More specifically, as illustrated in Table 1, below, a one or more different profiles may be utilized to implement attachment options.

TABLE 1
Attachment Options
Network
NumberKind(internal/external
CriteriaSizeof itemsof fileor wireless)Default
TO:>10 meg then 3No limitAllExternal then 41
CC: >1 meg>5 itemsImageExternal then 43
then 5
BCC:
Domain:4
Outside_law_firm.com
Address:5
CEO@company.com

TABLE 2
Action Type Descriptions
TypeDescription
1Complete file
2Summary
3Compress
4Encrypt
5Hyperlink
6File description

As illustrated in Tables 1 and 2, the user (sender and/or recipient, depending on the particular configuration) may be provided with various options for designating the sending and/or receipt of attachments. More specifically, the user can designate one or more options based on the address field (the to field, the cc field, the bcc field, etc.), based on address domain (e.g., for anyone outside a certain address extension such as an address outside of “law_firm.com”), based on whether the message is from and/or to a certain address (e.g., CEO@company.com), based on the kind of file, based on the number of attachments, and/or other criteria. Other options, such as those based on addresses with certain extensions, (e.g., those extensions that may be designated as Spam), addresses from certain geographic regions, etc. may also be utilized.

As also illustrated in Table 1, the user can designate a file size of one or more of the attachment(s) for determining the desired action. More specifically, in the nonlimiting example of Table 1, the user can designate that any attachment of a message sent to in the to field that is larger than 10 megabytes be compressed (see also Table 2). As also illustrated in Table 1, the user can set a default option for handling attachments.

As illustrated in Table 2, the actions that may be performed, among others, include attaching the unaltered file, creating and attaching a summary of the file, compressing the file, encrypting the file, including a link to the file, and including a file description. While the nonlimiting example of Table 1 suggests that only one of the actions in Table 2 may be performed, this is a nonlimiting example, as some embodiments may be configured to perform a plurality of actions.

Other options may include providing a thumbnail of the attachment, providing only a title of the attachment, providing only file information regarding the attachment, converting the attachment into a higher quality format for viewing, converting the attachment into a more suitable format for transmitting, including only selected sections of the attachment and/or other options.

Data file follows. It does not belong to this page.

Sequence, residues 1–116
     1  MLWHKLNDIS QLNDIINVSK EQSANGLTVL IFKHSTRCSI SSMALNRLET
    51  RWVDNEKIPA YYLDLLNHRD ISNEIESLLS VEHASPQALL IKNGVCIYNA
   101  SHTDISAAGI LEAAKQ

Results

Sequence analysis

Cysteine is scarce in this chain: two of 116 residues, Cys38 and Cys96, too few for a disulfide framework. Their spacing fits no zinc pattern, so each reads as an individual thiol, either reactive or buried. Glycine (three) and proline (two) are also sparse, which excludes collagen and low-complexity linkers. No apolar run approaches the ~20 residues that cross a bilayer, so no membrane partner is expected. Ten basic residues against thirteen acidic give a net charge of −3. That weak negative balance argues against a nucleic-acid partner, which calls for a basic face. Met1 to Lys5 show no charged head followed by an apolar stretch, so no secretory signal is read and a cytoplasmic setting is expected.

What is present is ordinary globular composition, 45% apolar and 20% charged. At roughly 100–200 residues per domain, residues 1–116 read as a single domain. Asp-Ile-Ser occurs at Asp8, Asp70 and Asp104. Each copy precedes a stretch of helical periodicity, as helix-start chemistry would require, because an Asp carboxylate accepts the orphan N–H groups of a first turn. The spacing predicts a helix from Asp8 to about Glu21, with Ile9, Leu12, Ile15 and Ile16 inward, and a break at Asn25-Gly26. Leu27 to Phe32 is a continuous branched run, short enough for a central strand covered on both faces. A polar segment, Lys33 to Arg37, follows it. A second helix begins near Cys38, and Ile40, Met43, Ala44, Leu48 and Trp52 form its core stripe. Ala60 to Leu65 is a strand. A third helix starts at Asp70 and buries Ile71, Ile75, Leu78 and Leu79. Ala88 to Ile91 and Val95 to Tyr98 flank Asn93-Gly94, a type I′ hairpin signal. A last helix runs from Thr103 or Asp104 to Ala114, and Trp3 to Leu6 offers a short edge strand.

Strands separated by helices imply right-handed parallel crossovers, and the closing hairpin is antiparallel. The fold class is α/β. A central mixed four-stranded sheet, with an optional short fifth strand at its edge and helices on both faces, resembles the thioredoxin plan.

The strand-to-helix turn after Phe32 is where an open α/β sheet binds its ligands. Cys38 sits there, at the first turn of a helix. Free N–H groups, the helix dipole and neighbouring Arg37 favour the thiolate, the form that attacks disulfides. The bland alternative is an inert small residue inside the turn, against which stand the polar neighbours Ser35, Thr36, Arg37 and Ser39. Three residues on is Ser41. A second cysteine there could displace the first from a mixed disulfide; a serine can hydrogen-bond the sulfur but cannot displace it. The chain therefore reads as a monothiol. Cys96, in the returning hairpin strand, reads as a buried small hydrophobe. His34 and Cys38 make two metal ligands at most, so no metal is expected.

FIG. 12 is a flowchart illustrating an exemplary process for providing access to an attachment, such as may be provided in the network from FIG. 1. As illustrated, server 106 may be configured to receive a message that includes an attachment (block 1232). The server 106 can determine whether the message includes an indication to store the attachment at the server (block 1234). Similarly, while the message may include an indication to store the attachment at the server, the server 106 may be configured to store one or more rules with regard to the designated sender and/or recipient. Similarly, the server can receive an indication from the messaging client for the sender and/or recipient to store the attachment at the server 106. Regardless, in response to determining an indication to store the attachment at the server 106, the attachment can be stored at the server 106 (block 1236). The server can then receive a request to view the stored attachment. The server 106 can then determine authentication information for granting access to the stored attachment (block 1238). As discussed above, the authentication information may be received at the server 106 with the attachment. When the request to view the attachment is received at the server 106 (block 1240), the server 106 can utilize the received authentication information to determine whether the requesting party is authorized to view the attachment. If the user is authorized, the server 106 can authenticate the user (block 1242). The server 106 can then provide the user with access to the attachment (block 1244).